How to set your financial goals
The only wrong way to set a goal is to not set a goal at all.
So today I want to introduce two different frameworks you can use to help set your own goals and give them the meaning required to work towards completing them.
You need an efficient plan if you want to reach your objectives. SMART goal setting framework is one of the most widely used and useful goal setting techniques. SMART stands for Specific, Measurable, Achievable, Relevant, and Time-bound. Let’s examine each of these steps and how they might support you in establishing and achieving your objectives.
The SMART framework is outcome focused, and you track your progress.
Specific: Your objectives must be precise and well-defined, not vague or unclear. Say you are saving for a car, instead of it just being “save for a car” state what sort of car you are working towards. This also helps you visualise your goal.
Measurable: Rather than being meaningless or subjective, your goals should have measurable criteria of progress and achievement. Keeping with our car example, if you are specific about the car you want to buy, you know the value of need to save for. Doing so makes the goal measurable.
Achievable: Rather than being impractical or unattainable, your goals should be reasonable and reachable. Are you saving for an Audi on a Hyundai budget? The goal you set should be challenging, but not unachievable, if it is too difficult you will end up losing focus. (think of it like highly restrictive diets, they usually end in a blowout/binge eating session).
Relevant: Rather than being unrelated or contradictory, your goals should be in line with your beliefs and purpose. Saying “I want to learn how to play the guitar because it will help me express myself creatively and connect with other musicians” is a better example of what you should say when expressing your desire to study the instrument.
Time-bound: Rather than being open-ended or unclear, your goals should have a set limit or time period. For instance, you ought to state something like “I want to visit 5 countries in Europe by the end of next year” as opposed to “I want to travel the world someday”.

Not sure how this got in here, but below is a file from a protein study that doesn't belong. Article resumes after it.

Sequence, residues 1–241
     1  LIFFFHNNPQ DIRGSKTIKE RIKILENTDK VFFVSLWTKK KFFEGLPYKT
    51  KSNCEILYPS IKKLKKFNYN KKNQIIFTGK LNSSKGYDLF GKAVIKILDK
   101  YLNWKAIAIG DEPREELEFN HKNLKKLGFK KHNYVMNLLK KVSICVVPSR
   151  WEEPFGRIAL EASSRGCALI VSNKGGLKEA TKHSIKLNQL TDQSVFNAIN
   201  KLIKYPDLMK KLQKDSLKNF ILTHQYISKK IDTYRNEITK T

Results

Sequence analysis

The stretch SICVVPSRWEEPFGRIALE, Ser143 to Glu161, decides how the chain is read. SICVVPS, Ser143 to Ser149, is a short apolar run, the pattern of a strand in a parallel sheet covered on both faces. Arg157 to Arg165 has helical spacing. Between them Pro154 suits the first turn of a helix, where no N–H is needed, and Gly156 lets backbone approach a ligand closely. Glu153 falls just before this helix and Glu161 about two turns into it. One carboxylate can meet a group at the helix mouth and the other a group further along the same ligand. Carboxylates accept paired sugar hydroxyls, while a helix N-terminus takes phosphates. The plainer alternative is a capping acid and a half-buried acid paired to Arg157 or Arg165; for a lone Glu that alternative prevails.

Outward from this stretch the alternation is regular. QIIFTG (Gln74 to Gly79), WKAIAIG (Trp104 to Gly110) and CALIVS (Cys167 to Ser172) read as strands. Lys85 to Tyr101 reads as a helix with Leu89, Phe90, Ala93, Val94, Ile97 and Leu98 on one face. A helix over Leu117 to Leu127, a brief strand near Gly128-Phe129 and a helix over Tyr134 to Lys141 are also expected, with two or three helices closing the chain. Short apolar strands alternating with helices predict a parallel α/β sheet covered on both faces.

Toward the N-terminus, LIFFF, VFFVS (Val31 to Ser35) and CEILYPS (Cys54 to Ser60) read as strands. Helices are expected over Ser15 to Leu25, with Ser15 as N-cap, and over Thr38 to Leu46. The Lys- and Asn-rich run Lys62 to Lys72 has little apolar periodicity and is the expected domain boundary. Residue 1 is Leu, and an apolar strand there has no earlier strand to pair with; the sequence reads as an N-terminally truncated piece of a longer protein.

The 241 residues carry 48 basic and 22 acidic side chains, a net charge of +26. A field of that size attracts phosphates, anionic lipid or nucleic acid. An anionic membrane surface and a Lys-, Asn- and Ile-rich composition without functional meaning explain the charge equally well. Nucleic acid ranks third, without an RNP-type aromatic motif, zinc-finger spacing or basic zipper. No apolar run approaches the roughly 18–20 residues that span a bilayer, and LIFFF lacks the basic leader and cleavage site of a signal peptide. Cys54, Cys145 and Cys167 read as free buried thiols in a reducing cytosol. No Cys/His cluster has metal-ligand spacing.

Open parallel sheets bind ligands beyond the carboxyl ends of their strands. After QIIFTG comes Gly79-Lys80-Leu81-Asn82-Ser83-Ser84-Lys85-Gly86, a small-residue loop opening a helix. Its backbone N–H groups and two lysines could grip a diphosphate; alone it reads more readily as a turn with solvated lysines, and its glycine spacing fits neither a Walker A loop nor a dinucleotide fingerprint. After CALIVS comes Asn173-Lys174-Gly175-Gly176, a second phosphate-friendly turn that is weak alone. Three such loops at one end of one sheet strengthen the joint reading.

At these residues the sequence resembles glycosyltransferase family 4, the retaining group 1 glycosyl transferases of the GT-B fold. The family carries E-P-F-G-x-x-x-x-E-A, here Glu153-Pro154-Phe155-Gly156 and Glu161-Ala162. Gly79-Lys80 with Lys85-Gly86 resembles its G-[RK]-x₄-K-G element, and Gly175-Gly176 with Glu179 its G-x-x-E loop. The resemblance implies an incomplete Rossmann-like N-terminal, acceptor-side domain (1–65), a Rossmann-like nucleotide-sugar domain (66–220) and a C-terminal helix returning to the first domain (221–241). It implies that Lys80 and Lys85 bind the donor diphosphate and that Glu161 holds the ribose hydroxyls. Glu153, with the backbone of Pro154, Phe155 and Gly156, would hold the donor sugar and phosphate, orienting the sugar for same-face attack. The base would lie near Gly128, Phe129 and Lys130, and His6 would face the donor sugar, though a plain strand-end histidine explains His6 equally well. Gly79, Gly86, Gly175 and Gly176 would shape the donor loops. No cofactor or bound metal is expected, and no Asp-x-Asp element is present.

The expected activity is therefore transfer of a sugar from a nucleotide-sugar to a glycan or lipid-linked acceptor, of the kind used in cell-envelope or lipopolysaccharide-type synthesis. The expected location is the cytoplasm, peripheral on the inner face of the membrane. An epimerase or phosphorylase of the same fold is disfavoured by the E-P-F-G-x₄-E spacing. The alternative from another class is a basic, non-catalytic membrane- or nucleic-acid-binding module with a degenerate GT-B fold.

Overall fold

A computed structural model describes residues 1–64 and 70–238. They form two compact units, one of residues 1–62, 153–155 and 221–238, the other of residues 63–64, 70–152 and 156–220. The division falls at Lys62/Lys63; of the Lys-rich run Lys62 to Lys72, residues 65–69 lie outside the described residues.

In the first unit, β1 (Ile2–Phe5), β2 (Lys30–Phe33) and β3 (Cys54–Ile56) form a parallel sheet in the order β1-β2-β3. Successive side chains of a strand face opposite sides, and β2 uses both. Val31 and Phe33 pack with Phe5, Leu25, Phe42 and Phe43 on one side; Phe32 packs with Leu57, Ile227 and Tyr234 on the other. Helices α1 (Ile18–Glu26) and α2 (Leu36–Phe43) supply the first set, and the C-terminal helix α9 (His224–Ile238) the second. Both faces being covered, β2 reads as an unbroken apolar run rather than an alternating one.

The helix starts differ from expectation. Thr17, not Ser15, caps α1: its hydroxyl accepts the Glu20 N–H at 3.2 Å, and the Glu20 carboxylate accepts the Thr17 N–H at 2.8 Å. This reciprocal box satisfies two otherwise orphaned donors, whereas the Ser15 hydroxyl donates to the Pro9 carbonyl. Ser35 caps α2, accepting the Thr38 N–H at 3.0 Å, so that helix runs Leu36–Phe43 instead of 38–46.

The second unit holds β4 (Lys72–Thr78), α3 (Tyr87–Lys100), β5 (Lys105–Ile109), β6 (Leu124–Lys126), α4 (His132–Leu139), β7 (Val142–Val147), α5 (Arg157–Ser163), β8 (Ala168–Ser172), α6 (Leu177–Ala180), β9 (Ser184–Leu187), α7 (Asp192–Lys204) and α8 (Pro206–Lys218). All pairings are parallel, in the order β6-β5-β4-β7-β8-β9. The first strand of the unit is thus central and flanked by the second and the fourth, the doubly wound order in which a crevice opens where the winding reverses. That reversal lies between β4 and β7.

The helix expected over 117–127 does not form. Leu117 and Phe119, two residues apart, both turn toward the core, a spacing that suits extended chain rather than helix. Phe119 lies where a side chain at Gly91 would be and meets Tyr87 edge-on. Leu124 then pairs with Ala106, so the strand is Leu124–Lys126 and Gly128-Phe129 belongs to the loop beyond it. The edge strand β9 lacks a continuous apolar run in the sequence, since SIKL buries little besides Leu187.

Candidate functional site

Using the SMART framework can help you create more effective and meaningful goals that will motivate you and guide you towards success. Try it out for yourself and see the difference it can make in your personal and professional life.
If you’re more output focused than outcome focused, then the PACT Framework might be more ideal for you.
Purposeful: Meaningful, long-term, and aligns with your passion; ask yourself does this fit with your long-term goals? Think about the problem you are trying to solve, or that long term goal (could be a smart goal) you are trying to achieve.
Actionable: Based on outputs and the actions taken to achieve it; ask yourself would you rather take action today than over-plan tomorrow? An actionable output is as simple as “put $50 a week into a savings account”.
Continuous: Consistent actions, simple and repeatable; ask yourself what actions can you take that will help you achieve your goal? This is another bit that really sets PACT apart from SMART, is the goal of $50 a week something that can be consistently done?
Trackable: More of a “yes” or “no” approach, not measurable; ask yourself have you done the thing today? Yes or no? This makes your progress easy to track. Have I saved $50 this week, yes or no? much easier to track then “purchase a Hyundai i30 in 4 years for $20,000”)
Both the SMART and PACT framework have their uses, and ideally, they should be set together, with the SMART goal giving the overall long-term direction, and the PACT goals being something that is easily trackable from an output perspective.
Think of it this way, a SMART goal could be “I want to retire from work at age 55 and receive an income of $100,000 to meet my living and lifestyle expenses.”
How would you tackle that? Well, you could then use the PACT framework to set multiple goals that would help you achieve it such as:
I want to make additional contributions to my superannuation fund of $200 a month from now until age 55.
I want to increase the repayments on my mortgage to $800p/w so I can pay off my loan before at 55.
This helps break that large goal into smaller, easy to track steps that you can check off.